To report obstetric outcomes in a series of women with prior uterine rupture or prior uterine dehiscence managed with a standardized protocol.
Series of patients delivered by a single maternal-fetal medicine practice from 2005 to 2013 with a history of uterine rupture or uterine dehiscence. Uterine rupture was defined as a clinically apparent, complete scar separation in labor or before labor. Uterine dehiscence was defined as an incomplete and clinically occult uterine scar separation with intact serosa. Patients with prior uterine rupture were delivered at approximately 36–37 weeks of gestation or earlier in the setting of preterm labor. Patients with prior uterine dehiscence were delivered at 37–39 weeks of gestation based on obstetric history, clinical findings, and ultrasonographic findings. Patients with prior uterine rupture or uterine dehiscence were followed with serial ultrasound scans to assess fetal growth and lower uterine segment integrity. Outcomes measured were severe morbidities (uterine rupture, hysterectomy, transfusion, cystotomy, bowel injury, mechanical ventilation, intensive care unit admission, thrombosis, reoperation, maternal death, perinatal death).
Fourteen women (20 pregnancies) had prior uterine rupture and 30 women (40 pregnancies) had prior uterine dehiscence. In these 60 pregnancies, there was 0% severe morbidity noted (95% confidence interval [CI] 0.0–6.0%). Overall, 6.7% of patients had a uterine dehiscence seen at the time of delivery (95% CI 2.6–15.9%). Among women with prior uterine rupture, the rate was 5.0% (95% CI 0.9–23.6%), whereas among women with prior uterine dehiscence, the rate was 7.5% (95% CI 2.6–19.9%).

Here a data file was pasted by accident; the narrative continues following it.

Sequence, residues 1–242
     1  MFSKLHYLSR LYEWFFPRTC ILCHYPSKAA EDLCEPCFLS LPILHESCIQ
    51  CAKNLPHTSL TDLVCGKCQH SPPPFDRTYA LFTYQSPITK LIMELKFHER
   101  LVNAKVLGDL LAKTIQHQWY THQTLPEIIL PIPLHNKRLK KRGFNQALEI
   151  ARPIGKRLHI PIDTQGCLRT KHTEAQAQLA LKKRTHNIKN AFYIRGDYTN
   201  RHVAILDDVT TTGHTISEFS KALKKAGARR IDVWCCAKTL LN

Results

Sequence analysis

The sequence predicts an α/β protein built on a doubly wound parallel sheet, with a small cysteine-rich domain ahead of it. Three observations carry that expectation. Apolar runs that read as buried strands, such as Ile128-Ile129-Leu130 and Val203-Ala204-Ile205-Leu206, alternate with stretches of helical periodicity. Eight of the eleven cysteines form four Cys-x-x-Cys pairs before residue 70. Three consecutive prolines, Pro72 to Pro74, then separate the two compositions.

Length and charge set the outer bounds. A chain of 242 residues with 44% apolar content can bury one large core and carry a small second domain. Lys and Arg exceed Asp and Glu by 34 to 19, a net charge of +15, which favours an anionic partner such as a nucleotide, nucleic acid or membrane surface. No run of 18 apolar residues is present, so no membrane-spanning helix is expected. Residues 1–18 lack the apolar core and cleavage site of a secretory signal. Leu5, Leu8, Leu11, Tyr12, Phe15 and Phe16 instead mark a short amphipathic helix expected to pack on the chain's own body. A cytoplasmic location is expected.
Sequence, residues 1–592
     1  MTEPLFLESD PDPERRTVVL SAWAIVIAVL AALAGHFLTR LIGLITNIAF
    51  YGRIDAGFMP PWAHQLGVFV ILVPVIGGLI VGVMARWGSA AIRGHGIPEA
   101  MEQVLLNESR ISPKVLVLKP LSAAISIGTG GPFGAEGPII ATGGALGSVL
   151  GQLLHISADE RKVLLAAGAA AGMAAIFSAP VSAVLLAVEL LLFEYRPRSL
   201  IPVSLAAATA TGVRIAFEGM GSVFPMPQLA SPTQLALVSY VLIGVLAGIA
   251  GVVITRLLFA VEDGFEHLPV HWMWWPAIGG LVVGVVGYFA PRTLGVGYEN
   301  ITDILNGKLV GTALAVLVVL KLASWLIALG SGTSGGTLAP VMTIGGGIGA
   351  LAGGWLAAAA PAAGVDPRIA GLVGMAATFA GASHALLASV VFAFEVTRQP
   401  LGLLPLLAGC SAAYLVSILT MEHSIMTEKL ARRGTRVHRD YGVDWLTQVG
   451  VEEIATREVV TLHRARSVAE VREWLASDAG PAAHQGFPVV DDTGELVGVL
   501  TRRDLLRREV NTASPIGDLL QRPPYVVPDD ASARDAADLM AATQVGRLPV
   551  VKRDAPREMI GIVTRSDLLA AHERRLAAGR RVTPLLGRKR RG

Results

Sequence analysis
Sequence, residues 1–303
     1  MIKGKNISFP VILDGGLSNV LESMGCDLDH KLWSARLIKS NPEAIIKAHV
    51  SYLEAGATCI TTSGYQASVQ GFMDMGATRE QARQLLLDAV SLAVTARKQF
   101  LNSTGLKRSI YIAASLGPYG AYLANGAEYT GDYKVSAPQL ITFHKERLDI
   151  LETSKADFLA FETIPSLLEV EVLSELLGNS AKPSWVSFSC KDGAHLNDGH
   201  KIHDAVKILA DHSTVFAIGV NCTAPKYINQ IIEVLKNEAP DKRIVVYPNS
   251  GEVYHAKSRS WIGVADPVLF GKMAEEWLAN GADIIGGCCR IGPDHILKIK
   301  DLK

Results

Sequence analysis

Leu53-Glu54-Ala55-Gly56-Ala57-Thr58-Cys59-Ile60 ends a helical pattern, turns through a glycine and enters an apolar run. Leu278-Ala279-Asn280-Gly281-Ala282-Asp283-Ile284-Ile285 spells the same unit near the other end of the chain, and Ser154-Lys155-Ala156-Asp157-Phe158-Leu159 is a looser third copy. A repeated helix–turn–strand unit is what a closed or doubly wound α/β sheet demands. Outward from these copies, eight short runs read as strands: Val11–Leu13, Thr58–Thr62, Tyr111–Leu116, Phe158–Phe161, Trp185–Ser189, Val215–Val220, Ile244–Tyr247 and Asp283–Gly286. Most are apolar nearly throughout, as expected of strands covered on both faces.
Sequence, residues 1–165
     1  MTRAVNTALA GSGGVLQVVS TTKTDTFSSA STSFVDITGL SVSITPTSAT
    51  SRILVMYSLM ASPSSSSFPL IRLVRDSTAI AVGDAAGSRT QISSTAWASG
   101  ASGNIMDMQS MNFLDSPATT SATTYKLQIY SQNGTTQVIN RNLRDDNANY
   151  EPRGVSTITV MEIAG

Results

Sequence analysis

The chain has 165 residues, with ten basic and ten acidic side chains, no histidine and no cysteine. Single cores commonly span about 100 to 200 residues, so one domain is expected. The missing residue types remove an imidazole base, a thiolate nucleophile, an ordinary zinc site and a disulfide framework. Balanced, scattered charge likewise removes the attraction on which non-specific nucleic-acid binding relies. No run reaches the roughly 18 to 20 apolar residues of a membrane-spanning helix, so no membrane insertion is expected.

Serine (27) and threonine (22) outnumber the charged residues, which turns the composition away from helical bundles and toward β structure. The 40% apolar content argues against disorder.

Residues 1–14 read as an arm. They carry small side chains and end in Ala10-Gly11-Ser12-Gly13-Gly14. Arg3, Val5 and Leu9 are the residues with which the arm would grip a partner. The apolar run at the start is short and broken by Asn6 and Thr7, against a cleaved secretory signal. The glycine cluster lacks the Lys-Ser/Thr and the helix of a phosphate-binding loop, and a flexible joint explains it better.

Patients with prior uterine rupture or uterine dehiscence can have excellent outcomes in subsequent pregnancies if managed in a standardized manner, including cesarean delivery before the onset of labor or immediately at the onset of spontaneous preterm labor.
Patients with prior uterine rupture or dehiscence can have excellent outcomes in subsequent pregnancies if managed carefully, including cesarean delivery before labor.
Maternal Fetal Medicine Associates, PLLC, and the Department of Obstetrics, Gynecology, and Reproductive Science, Icahn School of Medicine at Mount Sinai, and Weill Cornell Medical College, New York, New York.
Corresponding author: Nathan S. Fox, MD, Maternal Fetal Medicine Associates, PLLC, 70 East 90th Street, New York, NY 10128; e-mail: firstname.lastname@example.org.
Financial Disclosure The authors did not report any potential conflicts of interest.